Book: The Woman Who Walked into Doors
Author: Roddy Doyle
Type of book: Fiction
Why Did I Read This Book: This was a case of a title grabbing me when I was at Border’s Books and I bought it on a whim. I almost didn’t buy it because Mary Gordon had a blurb on the back and I responded very negatively to the book I read by her recently, but I’m glad I read it. Very glad.
Availability: Penguin Books is the publisher and you can get a copy here:
Comments:: I fell in love with this book. Absolutely in love. I will, bank account issues be damned, soon order all of Roddy Doyle’s work. There are moments like this in my life, when I read an author and it feels like the literary equivalent of falling into deep, romantic love, wherein you know in advance that even if the object of your affection may fail you in some regard in the future, the sum total of their wonderfulness and compatibility with you will overshadow such moments.
Paula Spencer is an alcoholic mother of four. She cleans homes and white-knuckles her way through her evenings, controlling the times in which she drinks but still drinking far too much. She is a widow, but before her worthless husband died in a robbery attempt gone bad, she threw him out of the family home, a violent catharsis that in the hands of a less honest writer would have been the prelude to saccharine moments in which Paula’s life resolves itself. Her relationship with her sisters would have improved, she would have been able to help her addict son, she would have gotten sober herself and done something more than clean houses.
But Doyle understands that life might have a moment wherein a paralyzed person is suddenly capable of action, but that a moment of clarity does not a changed life make. Doyle shows the arc of Paula’s life as she gradually loses more and more innocence, slowly becomes more and more broken. This novel, better than any novel I have read in recent memory, tells the story of how men defined the world of women, from their actions to their words, and how hard it is to overcome such intrusive beginnings.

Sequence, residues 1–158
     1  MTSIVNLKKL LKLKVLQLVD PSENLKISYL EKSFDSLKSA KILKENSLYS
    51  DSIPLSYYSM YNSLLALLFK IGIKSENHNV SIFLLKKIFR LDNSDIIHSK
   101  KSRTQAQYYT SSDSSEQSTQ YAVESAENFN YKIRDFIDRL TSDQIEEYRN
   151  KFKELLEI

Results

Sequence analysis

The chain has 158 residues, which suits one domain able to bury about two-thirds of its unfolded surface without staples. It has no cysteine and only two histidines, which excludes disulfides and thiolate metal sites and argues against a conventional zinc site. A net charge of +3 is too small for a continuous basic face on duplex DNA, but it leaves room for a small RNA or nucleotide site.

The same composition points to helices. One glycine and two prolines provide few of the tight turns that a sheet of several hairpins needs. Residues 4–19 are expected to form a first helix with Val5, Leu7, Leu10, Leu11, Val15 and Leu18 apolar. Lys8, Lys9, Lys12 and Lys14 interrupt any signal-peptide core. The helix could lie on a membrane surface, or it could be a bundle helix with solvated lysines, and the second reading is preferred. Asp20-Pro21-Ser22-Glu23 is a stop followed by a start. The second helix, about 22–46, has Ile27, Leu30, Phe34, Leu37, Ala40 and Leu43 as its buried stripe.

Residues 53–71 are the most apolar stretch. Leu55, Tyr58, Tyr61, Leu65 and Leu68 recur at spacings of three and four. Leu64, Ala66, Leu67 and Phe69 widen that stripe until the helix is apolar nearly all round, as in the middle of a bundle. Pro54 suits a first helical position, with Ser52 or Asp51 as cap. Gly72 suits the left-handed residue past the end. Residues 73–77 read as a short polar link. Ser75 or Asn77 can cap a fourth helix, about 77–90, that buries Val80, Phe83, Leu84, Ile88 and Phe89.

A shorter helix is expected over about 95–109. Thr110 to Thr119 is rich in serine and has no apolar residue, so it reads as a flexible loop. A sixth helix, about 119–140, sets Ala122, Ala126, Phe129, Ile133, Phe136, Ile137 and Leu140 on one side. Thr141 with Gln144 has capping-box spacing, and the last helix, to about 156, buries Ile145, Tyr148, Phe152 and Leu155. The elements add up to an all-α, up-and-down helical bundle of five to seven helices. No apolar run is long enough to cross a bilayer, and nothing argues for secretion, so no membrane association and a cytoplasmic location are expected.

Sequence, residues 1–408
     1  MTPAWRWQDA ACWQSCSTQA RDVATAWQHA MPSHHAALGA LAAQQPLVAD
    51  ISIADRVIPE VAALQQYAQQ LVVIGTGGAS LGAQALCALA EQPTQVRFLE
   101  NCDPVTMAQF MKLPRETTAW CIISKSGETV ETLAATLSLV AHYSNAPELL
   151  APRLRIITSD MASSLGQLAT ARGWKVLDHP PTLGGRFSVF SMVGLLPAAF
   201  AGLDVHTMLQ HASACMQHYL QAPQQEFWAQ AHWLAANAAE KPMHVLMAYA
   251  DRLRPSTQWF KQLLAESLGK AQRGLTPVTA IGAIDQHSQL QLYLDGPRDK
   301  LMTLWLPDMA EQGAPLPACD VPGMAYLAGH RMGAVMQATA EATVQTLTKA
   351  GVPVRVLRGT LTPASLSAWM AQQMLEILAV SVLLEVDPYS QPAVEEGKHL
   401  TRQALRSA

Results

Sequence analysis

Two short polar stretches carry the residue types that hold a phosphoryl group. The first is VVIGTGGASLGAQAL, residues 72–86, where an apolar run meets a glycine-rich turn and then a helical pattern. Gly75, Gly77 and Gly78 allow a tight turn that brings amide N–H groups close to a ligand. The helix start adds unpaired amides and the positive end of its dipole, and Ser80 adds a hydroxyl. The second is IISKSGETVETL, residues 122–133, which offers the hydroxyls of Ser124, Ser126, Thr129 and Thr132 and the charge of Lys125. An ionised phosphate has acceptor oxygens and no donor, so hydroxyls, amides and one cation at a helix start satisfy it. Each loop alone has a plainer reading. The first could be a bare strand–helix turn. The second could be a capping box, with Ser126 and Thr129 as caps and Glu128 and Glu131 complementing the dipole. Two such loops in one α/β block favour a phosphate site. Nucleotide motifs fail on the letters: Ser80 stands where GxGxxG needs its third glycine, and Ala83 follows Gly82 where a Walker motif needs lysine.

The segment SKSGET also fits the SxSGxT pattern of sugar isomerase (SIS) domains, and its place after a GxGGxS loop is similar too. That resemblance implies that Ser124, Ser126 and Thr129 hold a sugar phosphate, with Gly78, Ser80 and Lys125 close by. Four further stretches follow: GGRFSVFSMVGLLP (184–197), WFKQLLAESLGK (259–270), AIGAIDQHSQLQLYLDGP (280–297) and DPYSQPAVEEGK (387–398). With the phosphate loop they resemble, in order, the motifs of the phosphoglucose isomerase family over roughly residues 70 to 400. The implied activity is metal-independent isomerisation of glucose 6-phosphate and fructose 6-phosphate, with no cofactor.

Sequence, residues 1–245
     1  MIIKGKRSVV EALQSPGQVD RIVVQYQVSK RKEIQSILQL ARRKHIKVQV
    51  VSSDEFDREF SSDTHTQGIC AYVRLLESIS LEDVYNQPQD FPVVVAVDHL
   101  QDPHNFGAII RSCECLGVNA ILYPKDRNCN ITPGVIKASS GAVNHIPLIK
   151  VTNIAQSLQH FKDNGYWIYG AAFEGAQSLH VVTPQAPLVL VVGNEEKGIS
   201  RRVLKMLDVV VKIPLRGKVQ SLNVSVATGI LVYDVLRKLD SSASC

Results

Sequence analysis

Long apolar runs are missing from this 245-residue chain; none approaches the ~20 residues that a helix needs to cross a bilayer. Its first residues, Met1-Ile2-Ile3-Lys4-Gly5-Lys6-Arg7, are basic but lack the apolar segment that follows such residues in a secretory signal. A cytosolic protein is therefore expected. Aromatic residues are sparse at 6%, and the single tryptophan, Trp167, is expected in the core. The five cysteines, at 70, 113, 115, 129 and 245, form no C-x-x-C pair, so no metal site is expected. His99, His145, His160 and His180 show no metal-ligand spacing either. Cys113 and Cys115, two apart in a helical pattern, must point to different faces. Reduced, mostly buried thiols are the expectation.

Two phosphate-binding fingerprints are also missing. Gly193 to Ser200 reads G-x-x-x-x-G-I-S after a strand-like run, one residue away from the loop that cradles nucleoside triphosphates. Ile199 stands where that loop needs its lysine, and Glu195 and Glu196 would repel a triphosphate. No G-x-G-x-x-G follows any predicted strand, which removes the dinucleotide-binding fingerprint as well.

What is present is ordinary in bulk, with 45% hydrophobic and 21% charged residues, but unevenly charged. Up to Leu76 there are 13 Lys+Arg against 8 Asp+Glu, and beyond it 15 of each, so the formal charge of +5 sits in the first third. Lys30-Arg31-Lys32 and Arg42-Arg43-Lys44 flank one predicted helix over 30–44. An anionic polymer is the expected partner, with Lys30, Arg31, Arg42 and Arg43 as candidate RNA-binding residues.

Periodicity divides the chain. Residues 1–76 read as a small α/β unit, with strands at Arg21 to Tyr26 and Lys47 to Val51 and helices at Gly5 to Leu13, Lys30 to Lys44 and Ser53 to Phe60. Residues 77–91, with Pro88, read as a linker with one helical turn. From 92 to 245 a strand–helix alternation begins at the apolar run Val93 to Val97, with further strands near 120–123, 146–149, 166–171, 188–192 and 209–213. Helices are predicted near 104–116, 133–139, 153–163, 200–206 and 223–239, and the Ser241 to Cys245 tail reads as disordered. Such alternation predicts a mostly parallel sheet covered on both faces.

This is a book wherein lines and sometimes entire sections resonated deeply with me. Paula’s life was one spent in a world where men acted inappropriately, where men did not protect girls and actively harmed them in some cases, where people blamed women for getting beat up, where even fathers who never physically harmed their children cannot be trusted emotionally. This book was mostly amazing because Doyle shows how a character can hold a multitude of feelings, opinions that can seem contradictory, yet ring very true nonetheless. Doyle’s ability to show the multitudes within Paula shows him as a keen observer of human nature and a fine writer, able to accurately convey complex emotions with the beauty of an accomplished story teller yet with complete honesty.